Use 30% of your money on wants


After taking 50% of your monthly income and putting it towards helping you exist, 30% can go towards covering non-essential expenses. These are things that you can live without if you had to.


These include:

  • Dinners out

  • Clothes shopping

  • Holidays

  • Gym membership

  • Entertainment subscriptions (Netflix, HBO, Amazon Prime)

  • Groceries (other than the essentials)

Using the same example as above, if your monthly after-tax income is $4000 you can spend $1200 for your wants. And if you discover that you’re spending too much on your wants, it’s worth thinking about which of those you could cut back on.

Following the 50 30 20 rule doesn’t mean not being able to enjoy your life—it simply means being more responsible with your money by finding areas in your budget where you’re needlessly overspending. If you’re confused about whether something is a need or a want, simply ask yourself, “Could I live without this?” If yes, that’s a want, not a need.

The first step to limiting your wants is to cancel any subscription based expenses you don't regularly use or forgot you still pay for, for example, LinkedIn Premium, Spotify Premium, and Netflix subscriptions.

Limiting your wants can be extremely difficult, but self-discipline is what is going to make or break your financial wealth, both in the short and long term.

Stash 20% of your money for savings


Now that 50% of your income is going towards your needs and 30% towards making life fun, the remaining 20% can go towards your savings goals and paying back any outstanding debt obligations.


Minimum repayments are considered a need, so that you don’t go into further debt if you currently carry any debt. Extra repayments, reducing your existing debt and future interest are considered savings. Consistently putting 20% of your money each month helps you build an emergency fund. An emergency fund should consist of 6 months of your living expenses tucked away for a rainy day. If you earn $4000 after tax per month, you can put $800 into your savings every month. That’s $9600 saved over 1 year.


Step-By-Step Guide on How to Use the 50 30 20 Rule

So now that you know what the categories are and what falls into them, you’ll need to calculate your income and categorize your spending.

1. Calculate your After-Tax Income


If you work full-time, this is fairly easy to do. You can easily find what you earn each month by looking at your paystubs and what the after-tax amount is. If your employer directly deposits money into your account, you can calculate your inflows by checking your bank accounts directly.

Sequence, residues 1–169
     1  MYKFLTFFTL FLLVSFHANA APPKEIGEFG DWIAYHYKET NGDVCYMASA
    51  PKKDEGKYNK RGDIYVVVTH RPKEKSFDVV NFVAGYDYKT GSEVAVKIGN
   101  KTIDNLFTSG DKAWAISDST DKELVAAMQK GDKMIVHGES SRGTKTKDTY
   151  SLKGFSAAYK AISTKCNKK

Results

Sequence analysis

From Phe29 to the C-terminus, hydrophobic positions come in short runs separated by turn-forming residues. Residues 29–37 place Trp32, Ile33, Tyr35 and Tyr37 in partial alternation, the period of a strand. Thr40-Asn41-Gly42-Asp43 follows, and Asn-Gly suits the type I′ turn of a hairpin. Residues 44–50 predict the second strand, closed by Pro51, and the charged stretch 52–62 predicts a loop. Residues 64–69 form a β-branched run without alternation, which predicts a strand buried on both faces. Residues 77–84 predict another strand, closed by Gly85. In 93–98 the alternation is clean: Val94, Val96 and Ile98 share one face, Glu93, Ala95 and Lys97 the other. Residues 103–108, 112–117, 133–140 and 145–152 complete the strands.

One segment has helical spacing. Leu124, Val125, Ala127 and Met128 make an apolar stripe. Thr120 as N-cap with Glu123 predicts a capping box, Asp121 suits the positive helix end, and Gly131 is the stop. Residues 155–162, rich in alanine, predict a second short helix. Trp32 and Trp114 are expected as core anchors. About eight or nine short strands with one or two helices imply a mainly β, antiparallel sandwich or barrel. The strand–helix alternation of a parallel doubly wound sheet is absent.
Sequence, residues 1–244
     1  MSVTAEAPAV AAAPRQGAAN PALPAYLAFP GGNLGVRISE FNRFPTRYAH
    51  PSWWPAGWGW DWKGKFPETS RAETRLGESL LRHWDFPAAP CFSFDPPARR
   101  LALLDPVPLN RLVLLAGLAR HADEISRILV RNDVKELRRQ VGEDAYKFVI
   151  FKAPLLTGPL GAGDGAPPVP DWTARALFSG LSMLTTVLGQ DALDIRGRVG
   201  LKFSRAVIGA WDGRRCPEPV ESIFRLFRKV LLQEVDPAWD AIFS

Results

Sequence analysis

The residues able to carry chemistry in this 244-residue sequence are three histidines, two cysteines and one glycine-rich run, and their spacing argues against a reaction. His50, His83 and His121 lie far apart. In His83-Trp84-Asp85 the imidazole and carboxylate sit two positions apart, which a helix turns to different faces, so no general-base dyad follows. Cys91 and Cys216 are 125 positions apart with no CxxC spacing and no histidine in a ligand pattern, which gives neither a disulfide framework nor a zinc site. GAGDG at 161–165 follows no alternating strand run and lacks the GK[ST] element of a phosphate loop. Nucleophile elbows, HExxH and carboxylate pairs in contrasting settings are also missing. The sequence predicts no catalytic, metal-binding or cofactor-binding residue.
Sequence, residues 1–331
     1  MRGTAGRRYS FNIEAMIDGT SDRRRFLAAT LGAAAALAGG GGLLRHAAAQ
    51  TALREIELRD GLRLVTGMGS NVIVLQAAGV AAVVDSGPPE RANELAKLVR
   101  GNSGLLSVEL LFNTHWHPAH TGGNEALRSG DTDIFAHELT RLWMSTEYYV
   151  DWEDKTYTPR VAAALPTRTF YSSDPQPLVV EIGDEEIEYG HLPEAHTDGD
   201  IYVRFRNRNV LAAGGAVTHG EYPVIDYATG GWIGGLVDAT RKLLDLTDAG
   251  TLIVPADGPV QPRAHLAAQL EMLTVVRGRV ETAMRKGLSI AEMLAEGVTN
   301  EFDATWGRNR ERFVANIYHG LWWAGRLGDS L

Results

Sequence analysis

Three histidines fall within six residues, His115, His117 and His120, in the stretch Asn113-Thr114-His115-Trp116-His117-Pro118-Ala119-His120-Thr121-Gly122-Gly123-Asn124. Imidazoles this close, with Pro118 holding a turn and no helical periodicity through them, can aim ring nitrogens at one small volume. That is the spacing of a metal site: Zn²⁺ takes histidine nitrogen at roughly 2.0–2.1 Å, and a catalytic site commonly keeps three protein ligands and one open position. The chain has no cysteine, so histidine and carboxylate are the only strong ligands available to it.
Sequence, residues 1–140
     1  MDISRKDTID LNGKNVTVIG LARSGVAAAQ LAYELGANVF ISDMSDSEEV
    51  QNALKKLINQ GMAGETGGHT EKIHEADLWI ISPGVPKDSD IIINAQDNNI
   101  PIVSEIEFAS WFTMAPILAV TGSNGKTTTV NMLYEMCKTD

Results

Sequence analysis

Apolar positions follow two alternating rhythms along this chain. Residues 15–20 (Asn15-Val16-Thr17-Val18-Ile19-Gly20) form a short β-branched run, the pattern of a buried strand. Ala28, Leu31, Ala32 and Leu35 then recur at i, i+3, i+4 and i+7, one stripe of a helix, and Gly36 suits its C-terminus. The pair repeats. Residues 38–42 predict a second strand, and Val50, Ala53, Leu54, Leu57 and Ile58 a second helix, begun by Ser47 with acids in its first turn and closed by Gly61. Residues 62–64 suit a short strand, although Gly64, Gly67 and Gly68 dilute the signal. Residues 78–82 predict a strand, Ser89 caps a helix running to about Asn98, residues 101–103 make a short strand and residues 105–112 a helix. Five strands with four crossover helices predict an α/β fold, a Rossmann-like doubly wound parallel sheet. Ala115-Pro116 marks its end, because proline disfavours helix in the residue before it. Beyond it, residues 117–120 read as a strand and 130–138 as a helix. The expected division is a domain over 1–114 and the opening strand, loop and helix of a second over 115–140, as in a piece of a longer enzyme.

If you’re a freelancer, this is a bit more difficult. Your after-tax income is what you earn per month, minus your business expenses.

If you work on commission, and your paycheques range month to month, look at the past 3 months and use that as an average. Be aware of seasonal differences as well.

2. Categorize your spending for the past month

Remember that quick section above about having access to your banking online. This is where it comes in. Take a copy of your past bank statement (for the last 30 days) and sort your expenses into 3 categories, needs, wants and savings. Remember, a need is an essential expense that you can’t live without. A want is a luxury that you can avoid, but makes life fun. Savings, are additional debt repayments or contributions to your pension fund, or emergency fund.

3. Evaluate your spending. Adjust to match the 50 30 20 rule


Now that you have your expenses laid out, you can see how much goes towards what category and you can start consistently saving. Starting this month, use the buckets to limit spending.

Since your needs and savings are fairly stagnant month to monthly, the first place to start after you’ve evaluated is to set up auto-deposits to your savings, investment, or debt repayment accounts.

This means that 20% of your after-tax income gets moved into your savings account automatically, BEFORE you have time to spend it on anything else. Then you use the remaining 80% for needs and wants.

This step is critical, and having self discipline here is the only way you’ll see financial success.


24 views0 comments

Recent Posts

See All